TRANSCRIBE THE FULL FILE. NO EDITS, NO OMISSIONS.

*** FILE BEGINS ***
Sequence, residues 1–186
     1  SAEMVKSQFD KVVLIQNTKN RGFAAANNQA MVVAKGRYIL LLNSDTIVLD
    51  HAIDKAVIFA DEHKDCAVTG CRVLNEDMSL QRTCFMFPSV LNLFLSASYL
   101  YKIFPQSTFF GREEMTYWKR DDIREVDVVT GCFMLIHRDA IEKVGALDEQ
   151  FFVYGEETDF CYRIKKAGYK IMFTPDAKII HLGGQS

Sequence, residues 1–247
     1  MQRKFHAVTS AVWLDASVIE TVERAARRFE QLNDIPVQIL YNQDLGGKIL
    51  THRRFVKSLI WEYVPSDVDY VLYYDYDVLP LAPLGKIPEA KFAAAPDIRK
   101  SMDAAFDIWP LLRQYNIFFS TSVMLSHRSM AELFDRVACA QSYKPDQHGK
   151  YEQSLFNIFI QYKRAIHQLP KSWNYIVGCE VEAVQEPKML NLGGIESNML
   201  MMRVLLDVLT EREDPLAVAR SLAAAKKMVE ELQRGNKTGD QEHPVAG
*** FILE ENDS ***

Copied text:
Sequence, residues 1–186
     1  SAEMVKSQFD KVVLIQNTKN RGFAAANNQA MVVAKGRYIL LLNSDTIVLD
    51  HAIDKAVIFA DEHKDCAVTG CRVLNEDMSL QRTCFMFPSV LNLFLSASYL
   101  YKIFPQSTFF GREEMTYWKR DDIREVDVVT GCFMLIHRDA IEKVGALDEQ
   151  FFVYGEETDF CYRIKKAGYK IMFTPDAKII HLGGQS

Sequence, residues 1–247
     1  MQRKFHAVTS AVWLDASVIE TVERAARRFE QLNDIPVQIL YNQDLGGKIL
    51  THRRFVKSLI WEYVPSDVDY VLYYDYDVLP LAPLGKIPEA KFAAAPDIRK
   101  SMDAAFDIWP LLRQYNIFFS TSVMLSHRSM AELFDRVACA QSYKPDQHGK
   151  YEQSLFNIFI QYKRAIHQLP KSWNYIVGCE VEAVQEPKML NLGGIESNML
   201  MMRVLLDVLT EREDPLAVAR SLAAAKKMVE ELQRGNKTGD QEHPVAG